Short Course on Values and Institutions Of Biodiversity And Ecosystems




By Dr. Franz Gatzweiller

Senior Scientist

Center for Development Research (ZEF), Bonn, Germany

Department of Economic and Technological Change, University of Bonn, Germany


9-12 November 2010

SEARCA, Los Baños, Laguna, Philippines


The loss of biodiversity and ecosystem goods and services is frequently not detected by the current market system because they have no value and are treated as if they were free gifts of nature. This blindness of the market towards the values of nature is also referred to as market failure or as an economic compass which needs to be fixed in order to guide human behavior into the desired direction. Fixing the compass is done by economic valuation. This is the idea behind The Economics of Ecosystems & Biodiversity (TEEB) that constitutes a “major international initiative to draw attention to the global economic benefits of biodiversity, to highlight the growing costs of biodiversity loss and ecosystem degradation”.

Explaining biodiversity loss by market failure, however, is only as useful for solving realworld problems as the real-world conditions match the pre-analytic concepts and assumptions of the theory. Accepting market failure as the (only) reason for biodiversity loss, assumes that with non-failing markets, biodiversity would not be lost. Unfortunately the economic model of human behavior and the features of biodiversity are modeled too simple and do not take account of system complexity and value plurality, although both have been explicitly recognized by the Convention on Biological Diversity.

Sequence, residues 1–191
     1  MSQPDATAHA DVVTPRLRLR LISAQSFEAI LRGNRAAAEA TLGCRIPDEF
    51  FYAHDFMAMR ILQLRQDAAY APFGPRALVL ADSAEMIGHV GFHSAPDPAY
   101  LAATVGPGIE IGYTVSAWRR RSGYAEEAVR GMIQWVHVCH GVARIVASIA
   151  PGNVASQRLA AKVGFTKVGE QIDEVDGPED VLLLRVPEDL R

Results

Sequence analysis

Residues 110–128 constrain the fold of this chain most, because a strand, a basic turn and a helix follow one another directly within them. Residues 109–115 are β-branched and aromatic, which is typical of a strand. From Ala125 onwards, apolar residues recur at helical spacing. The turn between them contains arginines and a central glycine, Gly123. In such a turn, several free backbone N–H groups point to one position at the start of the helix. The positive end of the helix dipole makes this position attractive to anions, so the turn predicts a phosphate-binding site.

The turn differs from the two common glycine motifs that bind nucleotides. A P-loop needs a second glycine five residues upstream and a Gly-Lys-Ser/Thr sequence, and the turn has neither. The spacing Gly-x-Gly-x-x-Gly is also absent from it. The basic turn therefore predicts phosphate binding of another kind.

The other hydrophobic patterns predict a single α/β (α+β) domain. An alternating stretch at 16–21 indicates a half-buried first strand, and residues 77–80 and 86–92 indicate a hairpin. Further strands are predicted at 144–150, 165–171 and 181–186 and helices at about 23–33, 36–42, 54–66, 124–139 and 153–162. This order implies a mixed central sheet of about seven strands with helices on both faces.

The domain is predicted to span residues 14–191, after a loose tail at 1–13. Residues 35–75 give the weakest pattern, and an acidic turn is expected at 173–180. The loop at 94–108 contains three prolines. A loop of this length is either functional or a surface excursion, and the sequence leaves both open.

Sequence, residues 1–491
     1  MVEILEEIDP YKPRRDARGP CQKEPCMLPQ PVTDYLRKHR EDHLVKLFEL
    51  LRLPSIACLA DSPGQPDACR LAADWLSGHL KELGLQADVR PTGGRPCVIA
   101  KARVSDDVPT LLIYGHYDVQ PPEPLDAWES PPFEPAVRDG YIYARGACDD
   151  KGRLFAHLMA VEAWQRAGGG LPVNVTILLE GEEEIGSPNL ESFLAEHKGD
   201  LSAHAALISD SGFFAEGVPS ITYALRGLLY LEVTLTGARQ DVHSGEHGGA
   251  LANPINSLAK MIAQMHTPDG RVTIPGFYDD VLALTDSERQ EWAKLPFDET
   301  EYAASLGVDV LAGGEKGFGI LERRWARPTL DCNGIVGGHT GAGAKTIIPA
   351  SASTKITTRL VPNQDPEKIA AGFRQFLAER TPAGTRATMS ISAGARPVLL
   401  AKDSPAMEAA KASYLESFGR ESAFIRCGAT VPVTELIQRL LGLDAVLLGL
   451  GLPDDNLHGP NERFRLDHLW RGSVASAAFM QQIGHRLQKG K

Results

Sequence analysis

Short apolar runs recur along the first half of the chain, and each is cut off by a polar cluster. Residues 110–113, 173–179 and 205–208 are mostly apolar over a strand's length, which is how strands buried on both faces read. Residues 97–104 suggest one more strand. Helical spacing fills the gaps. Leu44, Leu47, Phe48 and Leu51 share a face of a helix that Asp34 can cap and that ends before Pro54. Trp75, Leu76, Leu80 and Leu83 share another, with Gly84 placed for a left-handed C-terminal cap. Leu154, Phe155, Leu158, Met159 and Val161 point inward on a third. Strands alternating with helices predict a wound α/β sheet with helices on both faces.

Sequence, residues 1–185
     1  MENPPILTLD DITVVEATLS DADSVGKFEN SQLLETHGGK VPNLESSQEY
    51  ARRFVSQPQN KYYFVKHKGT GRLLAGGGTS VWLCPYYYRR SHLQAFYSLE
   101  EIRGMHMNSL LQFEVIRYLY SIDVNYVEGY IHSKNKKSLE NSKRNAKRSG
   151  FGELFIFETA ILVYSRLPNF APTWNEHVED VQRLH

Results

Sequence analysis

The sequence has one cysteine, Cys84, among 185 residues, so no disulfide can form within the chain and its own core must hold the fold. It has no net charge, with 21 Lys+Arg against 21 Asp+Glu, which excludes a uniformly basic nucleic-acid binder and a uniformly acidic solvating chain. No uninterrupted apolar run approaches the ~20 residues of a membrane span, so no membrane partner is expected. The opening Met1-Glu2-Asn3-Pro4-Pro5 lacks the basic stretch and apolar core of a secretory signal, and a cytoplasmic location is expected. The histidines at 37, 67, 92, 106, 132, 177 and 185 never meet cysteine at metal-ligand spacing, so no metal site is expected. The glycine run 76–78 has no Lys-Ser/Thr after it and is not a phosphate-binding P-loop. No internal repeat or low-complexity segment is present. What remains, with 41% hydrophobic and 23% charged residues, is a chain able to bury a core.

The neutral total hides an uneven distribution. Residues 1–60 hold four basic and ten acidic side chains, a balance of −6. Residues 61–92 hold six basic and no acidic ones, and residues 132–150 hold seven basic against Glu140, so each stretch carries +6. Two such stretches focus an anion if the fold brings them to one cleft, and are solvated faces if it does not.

Despite its usefulness in expressing value in one unifying language understood by all, the problem with economic valuation is that underlying the attempt to attach a value to biodiversity components are perceptions of value and ethics held by economics itself. These values are reproduced by the attempt to attach an economic value; thereby narrowing down the options for choosing how to value and make decisions. The concept of economic values refers to instrumental values and neglects a further reaching discussion of ethics, which is essential for making significant and long-lasting gains in biodiversity conservation. However, values of biodiversity are neither merely instrumental nor merely intrinsic; and above all they do not necessarily exist independently to be discovered as objective truths. The meaning of ethics is therefore essential for conserving biodiversity, as ethics reflects worldviews and norms of how societies think the world around us is supposed to be and we should decide. Understanding values as mechanisms to reproduce existing institutions, such as the market, leads to the second order question of which value articulating institutions we choose. It is a choice we need to make to escape the predominant and invasive culture of valuing purely economically.

The course will focus on and provide food for thought and insight with regards to the
following questions:
1) What is value and the value of what?
2) Whose values count and why value?
3) How to value and how to choose how to value?
4) How does the socio-cultural context influence valuation?

Twenty-five Southeast Asian graduate students, junior faculty, and research staff are expected to attend the course.


This Short Course is funded by the Food Security Center (FSC) from the University of Hohenheim, which is part of the DAAD (German Academic Exchange Service) program “Exceed” and is supported by DAAD and the German Federal Ministry for Economic Cooperation and Development (BMZ).